An hour later, he remained in the same place. I had put out his food and tried to ply him with treats, but he wasn't having it. After several frantic calls to Jill who was almost as baffled as I was at his behavior, I decided to just let him be and hope for the best in the morning. If he had an accident in the house, I would clean it up. So be it.
Sometime in the course of the night, he must have decided that he was going to accept the situation because he came downstairs and was interacting with me. Slowly but surely, we bonded. Since then, things have gone pretty much as I expected them to when I agreed to the deal in the first place. The only bummer is that the temperatures have been very low and walking weather has not been ideal. Jill lives in an area of the city that is adjacent to some awesome walking trails, and I would have loved to take him out on those, but I'm pretty sure my face would freeze off first.
Instead, we have played HOURS of Moko's favorite game: Stairball. What is Stairball? Well. Basically, Moko sits at the top of the steep staircase to the second floor of the house with an orange rubber ball. When he thinks he has the attention of a human, he drops or noses this ball bouncing down the stairs.
The human on the receiving end of the ball has a few options. The first and easiest option is to throw the ball back up the stairs to him. He will catch it - have no doubt about it. This is one smart and coordinated fellow. The second option is to throw the ball in the opposite direction of the stairs towards the front door. Moko will then FLY down the stairs to retrieve the ball before racing back up the stairs. This is the most effective option if you are trying to wear him out before bedtime. The third option (and also the least appealing from Moko's view) is to ignore the ball. He will either come down and retrieve it himself or he will look at you with a forlorn expression until you take pity on him and play.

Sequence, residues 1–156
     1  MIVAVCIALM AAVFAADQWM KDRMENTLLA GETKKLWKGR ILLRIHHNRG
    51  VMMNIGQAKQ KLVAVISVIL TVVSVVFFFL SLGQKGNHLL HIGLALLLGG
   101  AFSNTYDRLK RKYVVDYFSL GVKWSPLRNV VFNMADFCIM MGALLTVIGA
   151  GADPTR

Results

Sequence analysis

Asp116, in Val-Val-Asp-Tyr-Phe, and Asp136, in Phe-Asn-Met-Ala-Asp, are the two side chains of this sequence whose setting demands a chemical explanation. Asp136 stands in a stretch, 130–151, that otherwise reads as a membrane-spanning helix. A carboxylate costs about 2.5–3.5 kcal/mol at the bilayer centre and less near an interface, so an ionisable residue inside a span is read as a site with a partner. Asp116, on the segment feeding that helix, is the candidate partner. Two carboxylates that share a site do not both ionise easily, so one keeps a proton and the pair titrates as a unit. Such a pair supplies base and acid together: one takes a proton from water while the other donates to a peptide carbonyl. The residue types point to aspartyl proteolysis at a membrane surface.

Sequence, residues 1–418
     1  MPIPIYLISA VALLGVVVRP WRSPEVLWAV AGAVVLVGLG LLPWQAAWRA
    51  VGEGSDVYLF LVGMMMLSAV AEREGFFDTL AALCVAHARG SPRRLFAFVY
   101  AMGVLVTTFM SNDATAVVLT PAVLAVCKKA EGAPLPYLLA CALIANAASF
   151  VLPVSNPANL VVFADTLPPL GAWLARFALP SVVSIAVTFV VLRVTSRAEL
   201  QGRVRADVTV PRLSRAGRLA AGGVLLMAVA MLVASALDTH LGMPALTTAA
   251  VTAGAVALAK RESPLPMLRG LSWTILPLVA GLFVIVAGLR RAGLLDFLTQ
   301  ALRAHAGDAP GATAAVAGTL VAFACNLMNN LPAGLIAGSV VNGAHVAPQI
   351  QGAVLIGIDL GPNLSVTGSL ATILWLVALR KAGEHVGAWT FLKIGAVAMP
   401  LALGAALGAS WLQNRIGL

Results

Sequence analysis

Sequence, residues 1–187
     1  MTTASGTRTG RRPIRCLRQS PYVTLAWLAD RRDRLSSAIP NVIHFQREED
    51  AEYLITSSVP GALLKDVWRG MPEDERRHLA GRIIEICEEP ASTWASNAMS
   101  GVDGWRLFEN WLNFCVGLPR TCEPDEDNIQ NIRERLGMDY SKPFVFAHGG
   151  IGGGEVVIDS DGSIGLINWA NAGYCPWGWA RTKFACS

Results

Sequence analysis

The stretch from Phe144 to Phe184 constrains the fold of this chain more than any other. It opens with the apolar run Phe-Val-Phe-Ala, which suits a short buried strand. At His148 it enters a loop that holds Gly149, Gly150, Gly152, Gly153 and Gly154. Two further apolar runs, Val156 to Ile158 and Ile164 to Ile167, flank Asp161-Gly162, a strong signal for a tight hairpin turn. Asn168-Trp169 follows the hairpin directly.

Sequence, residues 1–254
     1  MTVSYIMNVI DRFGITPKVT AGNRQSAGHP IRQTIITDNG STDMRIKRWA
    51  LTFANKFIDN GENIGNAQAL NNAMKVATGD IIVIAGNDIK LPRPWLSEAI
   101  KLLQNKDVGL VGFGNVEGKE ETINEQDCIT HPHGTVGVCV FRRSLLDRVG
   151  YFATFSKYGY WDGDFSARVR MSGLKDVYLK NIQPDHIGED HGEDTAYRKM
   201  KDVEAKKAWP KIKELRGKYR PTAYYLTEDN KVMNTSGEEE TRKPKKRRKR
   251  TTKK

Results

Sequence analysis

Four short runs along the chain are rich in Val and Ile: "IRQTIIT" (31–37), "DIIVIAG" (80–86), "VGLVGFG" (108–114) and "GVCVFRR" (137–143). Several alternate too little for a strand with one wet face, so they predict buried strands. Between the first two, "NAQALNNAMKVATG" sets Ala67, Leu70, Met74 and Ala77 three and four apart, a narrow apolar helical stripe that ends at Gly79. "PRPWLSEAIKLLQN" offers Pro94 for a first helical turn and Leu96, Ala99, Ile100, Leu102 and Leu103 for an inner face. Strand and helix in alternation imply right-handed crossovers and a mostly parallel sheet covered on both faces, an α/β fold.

While Stairball has taken up the majority of our time this weekend, there is one other behavior of Moko's that I find so fascinating, I have to mention it. In Jill's detailed instructions, she told me to turn on the Golf Channel for Moko whenever I leave the house. I thought this was sort of weird and assumed that Moko, like most dogs I've ever met, doesn't really watch TV but just likes the sounds and lights. Oh boy, was I wrong.